Answering a knock on my door one July afternoon back in 1970, I was greeted by two grizzled curmudgeons. I’d never seen either one of them before. They turned out to be Tucson stalwarts, anthropologist William Neil “Seri Bill” Smith and artist Ted De Grazia. Smith and De Grazia wanted to see color photographs of the Seri Indians (Comcaac) of Sonora. They were looking for fresh material to help illustrate a Seri exhibition to be presented that fall at the Southwest Museum in Los Angeles. I was a fledgling photographer and importer of baskets and ironwood carvings, and had been going to the Seri villages of Punta Chueca and Desemboque for just about a year. Their visit came as quite a surprise, to say the least.
Bill Smith and Ted De Grazia chose twenty of my color transparencies to be printed for the museum show. And so I was off to Los Angeles for the Seri exhibition opening and the book signing of The Seri Indians: A Primitive People of Tiburón Island in the Gulf of California, illustrated by De Grazia, the text written by Smith. What impressed me at the gala was not De Grazia’s spotlighted paintings of charming, though faceless Seri Indians, but Smith’s 16-mm color film showing the last Seris living as hunters and gatherers on Isla Tiburón (Mexico’s largest island, approximately 15 miles wide by 30 miles long). Bill’s movie was filmed during the 1950s with a grant from New York’s Wenner-Gren Foundation, later to be purchased by Walt Disney Studios. Watching this documentary, I could see Smith was a terrific photographer. The Seris seemed to know and trust him. I didn’t realize it then, but Bill also took photographs in 35-mm black and white and in Kodachrome transparency film. [End Page 1]
William Neil Smith was born in New York City on May 5, 1920, to the architect William Neil Smith and Florence Derby Smith. After his father’s sudden death in 1934, Bill’s mother put him on the train to Tucson for boarding at the Southern Arizona School for Boys, located at the mouth of Sabino Canyon in the Santa Catalina Mountains. Florence Smith later followed Bill from New York to Tucson, where she resided until her death in 1954. When classmates showed off painted potsherds, Bill realized the school grounds occupied the site of a prehistoric Indian village. Perhaps with insight gained from touring the ruins of Pompeii on a European vacation with his parents, he organized digs on school property during 1935 and 1936. Bill and his friends excavated a Hohokam pit house, uncovering nearby a child’s burial containing a painted ceramic bird effigy bowl. Bill Smith was thus launched toward a career in anthropology. Taking classes at the University of Arizona during 1939–1942 and 1946– 1950, Bill studied and worked under archeologist Byron Cummings, and then with the White Mountain Apache, photographing them with the guidance of social anthropologist Edward Spicer. He graduated with a BA in anthropology from the University of Arizona in 1948.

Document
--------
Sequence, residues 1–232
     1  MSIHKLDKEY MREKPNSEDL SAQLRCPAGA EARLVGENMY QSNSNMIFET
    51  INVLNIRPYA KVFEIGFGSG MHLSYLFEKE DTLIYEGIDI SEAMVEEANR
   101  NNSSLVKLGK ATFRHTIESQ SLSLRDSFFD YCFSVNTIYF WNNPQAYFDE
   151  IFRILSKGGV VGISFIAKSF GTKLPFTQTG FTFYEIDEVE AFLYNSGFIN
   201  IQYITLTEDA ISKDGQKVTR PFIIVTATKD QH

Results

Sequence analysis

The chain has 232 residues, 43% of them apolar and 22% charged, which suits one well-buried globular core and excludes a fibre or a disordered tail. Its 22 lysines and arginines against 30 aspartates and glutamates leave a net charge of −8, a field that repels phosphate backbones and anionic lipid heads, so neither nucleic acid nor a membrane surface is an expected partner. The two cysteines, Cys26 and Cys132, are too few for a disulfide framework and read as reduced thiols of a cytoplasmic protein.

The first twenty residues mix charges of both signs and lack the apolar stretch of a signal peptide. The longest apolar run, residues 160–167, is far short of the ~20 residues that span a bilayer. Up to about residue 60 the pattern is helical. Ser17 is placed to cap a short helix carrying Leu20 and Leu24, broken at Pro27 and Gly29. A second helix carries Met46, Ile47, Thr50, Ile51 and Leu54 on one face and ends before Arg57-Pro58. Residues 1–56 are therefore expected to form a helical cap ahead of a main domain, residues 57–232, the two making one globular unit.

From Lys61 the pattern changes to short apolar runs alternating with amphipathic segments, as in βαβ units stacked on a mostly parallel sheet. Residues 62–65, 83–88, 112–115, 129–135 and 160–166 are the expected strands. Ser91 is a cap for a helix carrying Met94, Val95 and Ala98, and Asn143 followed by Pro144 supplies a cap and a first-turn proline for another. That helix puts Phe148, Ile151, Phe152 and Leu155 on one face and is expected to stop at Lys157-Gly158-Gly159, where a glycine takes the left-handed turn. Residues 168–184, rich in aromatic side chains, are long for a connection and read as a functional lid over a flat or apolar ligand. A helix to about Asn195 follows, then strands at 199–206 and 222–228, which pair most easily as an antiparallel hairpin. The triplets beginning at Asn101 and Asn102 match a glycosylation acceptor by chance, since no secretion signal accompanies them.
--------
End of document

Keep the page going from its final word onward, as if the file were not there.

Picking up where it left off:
Nearly 20 years before Smith’s graduation, many Seri families had moved to Kino Bay on the Sonoran coast in the early 1930s to take advantage of the totoaba fishing boom. Totoaba, schooling fish endemic to the upper Gulf of California, weighing up to 200 pounds, were taken from 1910 to 1925 just for their buches or swim bladders, dried delicacies savored in Chinese soups. Mexican Chinese from Guaymas shipped the highly profitable totoaba buches to San Francisco and to China—while tons of meat was discarded to rot. During the 1930s, when totoaba flesh had been discovered to be delicious, Mexican and Seri fishermen caught the huge fish in staggering numbers to supply new markets created in Arizona and California. By the 1970s, fished-out totoaba plummeted toward extinction. Today totoaba are protected by Mexican law as an endangered species. With the establishment of this new marine economy in the 1930s, the Seris had proved themselves to be able, prolific, and dependable fishermen. However...